Upon arriving at the Meyerson, we still found John Tesch's crap all over the stage, so we had to wait while it was removed. We finally got to go through our pieces on stage. Fingers crossed, we waited for the performance to begin.

We filed out on stage to the applause of the 1500 people in attendance. It was clear this was a special evening. Many had heard the piece 15 years ago; some in the audience were HIV+ and were here as guests of the Chorale and some area AIDS agencies. Many were regular patrons.

We began with the combined anthem "Behold Man" a cryptic creation anthem that is very declamatory and thus an excellent opener. HMC Music Director Joe Nadeau conducted the combined forces. TMC was in the aisles to make it a true surround sound experience.

The HMC set was next. We did some of our recent favorites, 3 with solos which I think diminished the impact we could have as a group, although the solos were fine. It made us more of a back up rather than an ensemble. "Circle of Life" from Lion King, "They Sang to Me", a coming out at the chorus piece, "Mama's Letter to Michael" again a coming out piece and maybe a bit lost with out the context of the song, and "Razzle Dazzle" from Chicago from our Kander/Ebb show. Well received and we did ourselves proud.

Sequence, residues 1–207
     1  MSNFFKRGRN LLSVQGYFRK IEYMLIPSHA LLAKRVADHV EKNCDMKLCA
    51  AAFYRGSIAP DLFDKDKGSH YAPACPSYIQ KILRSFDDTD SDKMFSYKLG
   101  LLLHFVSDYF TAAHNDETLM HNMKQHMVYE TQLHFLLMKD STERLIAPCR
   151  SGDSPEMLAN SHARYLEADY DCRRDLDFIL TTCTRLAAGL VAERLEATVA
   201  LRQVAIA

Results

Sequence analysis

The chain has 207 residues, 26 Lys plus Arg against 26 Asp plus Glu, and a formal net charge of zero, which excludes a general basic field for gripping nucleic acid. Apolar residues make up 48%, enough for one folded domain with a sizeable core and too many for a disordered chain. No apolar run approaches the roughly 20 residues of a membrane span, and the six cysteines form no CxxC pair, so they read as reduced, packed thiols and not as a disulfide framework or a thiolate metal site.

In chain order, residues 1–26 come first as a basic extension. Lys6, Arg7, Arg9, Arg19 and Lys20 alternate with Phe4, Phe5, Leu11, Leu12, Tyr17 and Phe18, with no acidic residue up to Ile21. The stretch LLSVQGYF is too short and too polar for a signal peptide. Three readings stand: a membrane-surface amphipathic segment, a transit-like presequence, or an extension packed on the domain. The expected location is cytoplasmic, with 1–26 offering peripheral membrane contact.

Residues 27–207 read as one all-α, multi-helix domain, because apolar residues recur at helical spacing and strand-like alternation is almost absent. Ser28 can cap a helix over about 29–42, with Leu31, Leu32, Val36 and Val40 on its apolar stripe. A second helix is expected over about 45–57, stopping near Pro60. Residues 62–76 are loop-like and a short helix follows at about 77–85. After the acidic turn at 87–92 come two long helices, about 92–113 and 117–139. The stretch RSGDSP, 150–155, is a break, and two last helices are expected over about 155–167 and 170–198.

I caught some of TCC set including the thrilling "Everyone Sang" with words of Sigfried Sassoon, a moving "Dona Nobis Pacem" and a piece by their composer in residence "Creator of the Universe". They ended with the juicy and funny "Insalata Italiana" a parody of everything operatic.

Finally, we got to "When We No Longer Touch" as the last 1/2 of the concert.

Here is the text of the piece so you can see the progression:

The fear that I would
come home one day and find you gone has turned
into the pain of the reality.
What will I do if it happens?
What will I do now that it has?
Latin Text: Requiem Aeternam

I know our time together is no more.
Then why do words come to mind that call you back?
Why do I plan lifetimes that include you?
Why do I torture myself with love
I never felt while you were here?

The layers I have put
around the pain of your going are thin.
I walk softly through life, adding thickness each day.
A thought or a feeling